Curtis Lovelace, who has pleaded not guilty, was charged eight years after the fact with suffocating wife on Valentine's Day

By Jeff Truesdell
Updated January 08, 2016 05:20 PM
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Credit: Courtesy Marty Didriksen

Cory Didriksen was a go-getter. Upbeat and hard-working, “she always had a smile on her face,” recalls her mom, Marty.

She easily recounts her daughter’s many accomplishments growing up in Quincy, Illinois, and at the University of Iowa, where Cory was an Academic All-American named to the Honors Program.

When Cory announced to her mom one day, “I’ve met the man I’m going to marry,” the name came as a surprise: Curtis Lovelace, a former high school classmate of Cory’s and hometown football hero, who by then had taken his talents and the town’s well-wishes with him to the University of Illinois, where Curtis would become caption of the team.

Although the two never dated before going their separate ways to college, Marty Didriksen could see her daughter’s happiness. “If you love him, that’s all that matters,” she told Cory. “And she did.”

When the pair married in January 1991 followed by a reception at the Quincy Country Club, “people were excited about the promise of this couple,” Didriksen says.

Then the promise shattered.

I Just Never Believed that this Was Something Somebody Was Capable of

On the morning of Valentine’s Day 2006, Curtis said he returned home from taking the oldest of the couple’s four kids to school and found Cory, who’d been briefly ill with flu-like symptoms, dead in bed. Eight years later came another jolt: Curtis – who’d gone on to serve as president of the local school board, an Adams County assistant state’s attorney, and a teacher at Quincy University – was charged with Cory’s suffocation murder.

As he heads to trial Jan. 25 – Curtis has pleaded not guilty – Cory’s mom tells PEOPLE she never held any suspicions and doesn’t know where the truth lies.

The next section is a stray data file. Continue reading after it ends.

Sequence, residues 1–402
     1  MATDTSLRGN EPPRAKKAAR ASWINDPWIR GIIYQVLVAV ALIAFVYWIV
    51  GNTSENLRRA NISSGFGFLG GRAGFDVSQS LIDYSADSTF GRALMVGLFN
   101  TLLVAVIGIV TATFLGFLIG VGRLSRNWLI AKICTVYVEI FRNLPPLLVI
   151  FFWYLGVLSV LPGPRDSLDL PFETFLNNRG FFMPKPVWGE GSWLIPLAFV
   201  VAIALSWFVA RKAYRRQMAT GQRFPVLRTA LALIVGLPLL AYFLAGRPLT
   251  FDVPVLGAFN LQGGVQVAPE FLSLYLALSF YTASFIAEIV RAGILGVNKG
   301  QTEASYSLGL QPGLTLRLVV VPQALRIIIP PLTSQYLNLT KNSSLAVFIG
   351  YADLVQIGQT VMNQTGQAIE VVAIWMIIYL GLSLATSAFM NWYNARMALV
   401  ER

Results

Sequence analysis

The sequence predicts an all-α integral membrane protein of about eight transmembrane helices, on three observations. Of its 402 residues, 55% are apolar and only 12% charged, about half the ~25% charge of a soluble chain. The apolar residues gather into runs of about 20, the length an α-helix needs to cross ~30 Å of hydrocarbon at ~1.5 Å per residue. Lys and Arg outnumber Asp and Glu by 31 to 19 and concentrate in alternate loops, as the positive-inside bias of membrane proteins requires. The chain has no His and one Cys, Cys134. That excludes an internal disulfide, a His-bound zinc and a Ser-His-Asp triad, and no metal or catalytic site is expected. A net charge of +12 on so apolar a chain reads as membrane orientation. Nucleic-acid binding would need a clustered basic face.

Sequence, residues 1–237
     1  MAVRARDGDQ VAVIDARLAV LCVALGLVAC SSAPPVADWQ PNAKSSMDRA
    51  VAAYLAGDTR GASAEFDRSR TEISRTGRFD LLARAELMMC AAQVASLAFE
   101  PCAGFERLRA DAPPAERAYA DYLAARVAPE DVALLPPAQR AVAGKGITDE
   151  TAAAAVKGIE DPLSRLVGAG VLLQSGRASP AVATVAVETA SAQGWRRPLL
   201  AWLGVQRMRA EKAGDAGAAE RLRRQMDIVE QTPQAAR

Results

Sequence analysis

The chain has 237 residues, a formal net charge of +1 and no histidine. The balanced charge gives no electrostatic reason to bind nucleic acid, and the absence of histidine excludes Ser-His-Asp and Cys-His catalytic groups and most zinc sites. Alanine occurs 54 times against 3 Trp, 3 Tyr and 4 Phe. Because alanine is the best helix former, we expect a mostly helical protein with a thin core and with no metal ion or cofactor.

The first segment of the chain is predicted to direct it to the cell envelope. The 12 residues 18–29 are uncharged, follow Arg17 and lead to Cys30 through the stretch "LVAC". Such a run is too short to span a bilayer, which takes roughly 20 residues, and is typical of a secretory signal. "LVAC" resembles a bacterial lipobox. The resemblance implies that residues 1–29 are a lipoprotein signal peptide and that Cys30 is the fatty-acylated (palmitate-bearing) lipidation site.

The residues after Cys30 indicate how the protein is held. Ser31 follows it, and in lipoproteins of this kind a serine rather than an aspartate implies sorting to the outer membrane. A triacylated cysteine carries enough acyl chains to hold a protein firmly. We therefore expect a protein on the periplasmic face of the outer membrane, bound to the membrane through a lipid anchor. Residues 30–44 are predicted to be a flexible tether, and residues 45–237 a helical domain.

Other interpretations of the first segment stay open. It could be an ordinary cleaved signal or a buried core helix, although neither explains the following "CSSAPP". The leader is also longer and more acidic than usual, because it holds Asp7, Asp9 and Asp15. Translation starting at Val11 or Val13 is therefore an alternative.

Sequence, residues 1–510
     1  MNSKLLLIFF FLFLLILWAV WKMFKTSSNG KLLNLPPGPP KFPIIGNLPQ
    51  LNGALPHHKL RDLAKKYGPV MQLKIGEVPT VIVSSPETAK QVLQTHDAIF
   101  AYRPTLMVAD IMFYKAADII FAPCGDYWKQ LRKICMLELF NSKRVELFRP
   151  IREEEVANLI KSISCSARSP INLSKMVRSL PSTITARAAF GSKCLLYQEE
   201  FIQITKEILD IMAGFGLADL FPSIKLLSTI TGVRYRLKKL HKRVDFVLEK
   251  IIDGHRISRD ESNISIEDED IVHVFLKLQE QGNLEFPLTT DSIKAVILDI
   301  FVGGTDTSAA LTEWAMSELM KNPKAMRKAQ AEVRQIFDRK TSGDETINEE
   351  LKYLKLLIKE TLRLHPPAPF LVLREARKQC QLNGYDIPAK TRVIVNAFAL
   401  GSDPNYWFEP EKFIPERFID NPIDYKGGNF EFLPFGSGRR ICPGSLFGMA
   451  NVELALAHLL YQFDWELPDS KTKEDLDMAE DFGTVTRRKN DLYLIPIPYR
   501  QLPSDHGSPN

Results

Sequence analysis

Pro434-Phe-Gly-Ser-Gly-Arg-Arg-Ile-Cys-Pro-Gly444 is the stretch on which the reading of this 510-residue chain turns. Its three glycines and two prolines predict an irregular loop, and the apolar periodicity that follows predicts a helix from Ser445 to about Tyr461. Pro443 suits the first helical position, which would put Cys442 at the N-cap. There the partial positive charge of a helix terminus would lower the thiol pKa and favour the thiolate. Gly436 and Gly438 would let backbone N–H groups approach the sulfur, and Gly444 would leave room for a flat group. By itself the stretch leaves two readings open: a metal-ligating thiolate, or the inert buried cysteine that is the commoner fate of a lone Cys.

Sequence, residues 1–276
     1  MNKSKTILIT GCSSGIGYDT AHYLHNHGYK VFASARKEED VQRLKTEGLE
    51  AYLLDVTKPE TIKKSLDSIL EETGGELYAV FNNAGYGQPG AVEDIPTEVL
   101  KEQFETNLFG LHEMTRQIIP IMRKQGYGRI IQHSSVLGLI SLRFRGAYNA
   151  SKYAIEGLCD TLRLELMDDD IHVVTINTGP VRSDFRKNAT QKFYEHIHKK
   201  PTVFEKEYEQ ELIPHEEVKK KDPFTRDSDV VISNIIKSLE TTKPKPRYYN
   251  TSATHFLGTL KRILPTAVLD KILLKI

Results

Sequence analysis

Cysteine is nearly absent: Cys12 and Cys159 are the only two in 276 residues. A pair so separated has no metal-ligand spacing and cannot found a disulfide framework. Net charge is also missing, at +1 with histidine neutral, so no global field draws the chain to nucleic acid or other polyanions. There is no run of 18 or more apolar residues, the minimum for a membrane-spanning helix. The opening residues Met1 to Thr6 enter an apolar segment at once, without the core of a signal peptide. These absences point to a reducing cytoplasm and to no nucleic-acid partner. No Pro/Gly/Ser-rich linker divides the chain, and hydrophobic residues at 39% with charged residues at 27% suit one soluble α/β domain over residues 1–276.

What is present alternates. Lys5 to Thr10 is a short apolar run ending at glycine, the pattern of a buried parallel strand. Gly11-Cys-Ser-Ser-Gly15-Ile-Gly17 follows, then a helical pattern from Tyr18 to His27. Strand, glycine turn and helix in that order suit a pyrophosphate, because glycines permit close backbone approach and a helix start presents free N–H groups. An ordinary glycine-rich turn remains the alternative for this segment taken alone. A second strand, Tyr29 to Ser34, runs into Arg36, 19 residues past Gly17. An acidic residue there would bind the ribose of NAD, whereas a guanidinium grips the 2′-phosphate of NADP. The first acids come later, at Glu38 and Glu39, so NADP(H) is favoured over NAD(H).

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“If I ever thought he hurt her, I would not have waited eight years,” she says. “I just never believed that this was something somebody was capable of.”

For more on how Cory Lovelace’s family is coping with her death and the upcoming murder trial of Cory’s former husband Curtis, pick up this week’s issue of PEOPLE on newsstands now

Police and the prosecutor have not revealed a motive. Although the death was investigated and the facts reviewed during a coroner’s inquest, the manner of death still was listed as “undetermined” when a newly named Quincy Police detective, Adam Gibson, looked anew at the case file in 2013.

A grand jury voted to indict Curtis in August 2014.

Cory’s mom recalls that her daughter, a stay-at-home mom after the couple returned to Quincy to raise their kids, struggled with painful knee problems aggravated by a cheerleading accident as a high school freshman. Four surgeries followed. As the pain eventually returned, Cory took over-the-counter pain pills for comfort.

And Cory was dealt a blow when her beloved father, John, was diagnosed in 2002 with stage 4 lung cancer. In the last year of his life, says Cory’s mom, Cory would visit and sit with her father almost every night. John Didriksen died three weeks after losing his daughter.

Didriksen Says Son-In-Law ‘Innocent Until Proven Guilty’

Somewhat earlier Cory’s and Curtis’ once-storybook marriage had developed fissures apparent to Cory’s mom. But during her father’s decline, Cory kept matters to herself. “She did not talk about things that troubled her,” says her mom. “I knew what was going on. But we didn’t talk much about it.”

It’s those struggles – rather than any blame for the current criminal allegations – that led Didriksen to forgive her former son-in-law for whatever role he might have played in Cory’s unhappiness. She refuses to prejudge the court case while awaiting its outcome as Curtis – who remarried, divorced, and remarried again – sits in jail on a $5 million bond.

“Innocent until proven guilty is No. 1,” Didriksen says. “And No. 2, there’s some peace in the fact that I have forgiven, because I have to. I’ve forgiven because otherwise it eats you alive. The rest of this you just live with.”

“If he’s guilty, he pays the time,” she says. “We still don’t have Cory.”

For more about the allegations that Curtis Lovelace murdered his wife, pick up a copy of this week’s PEOPLE on newsstands now.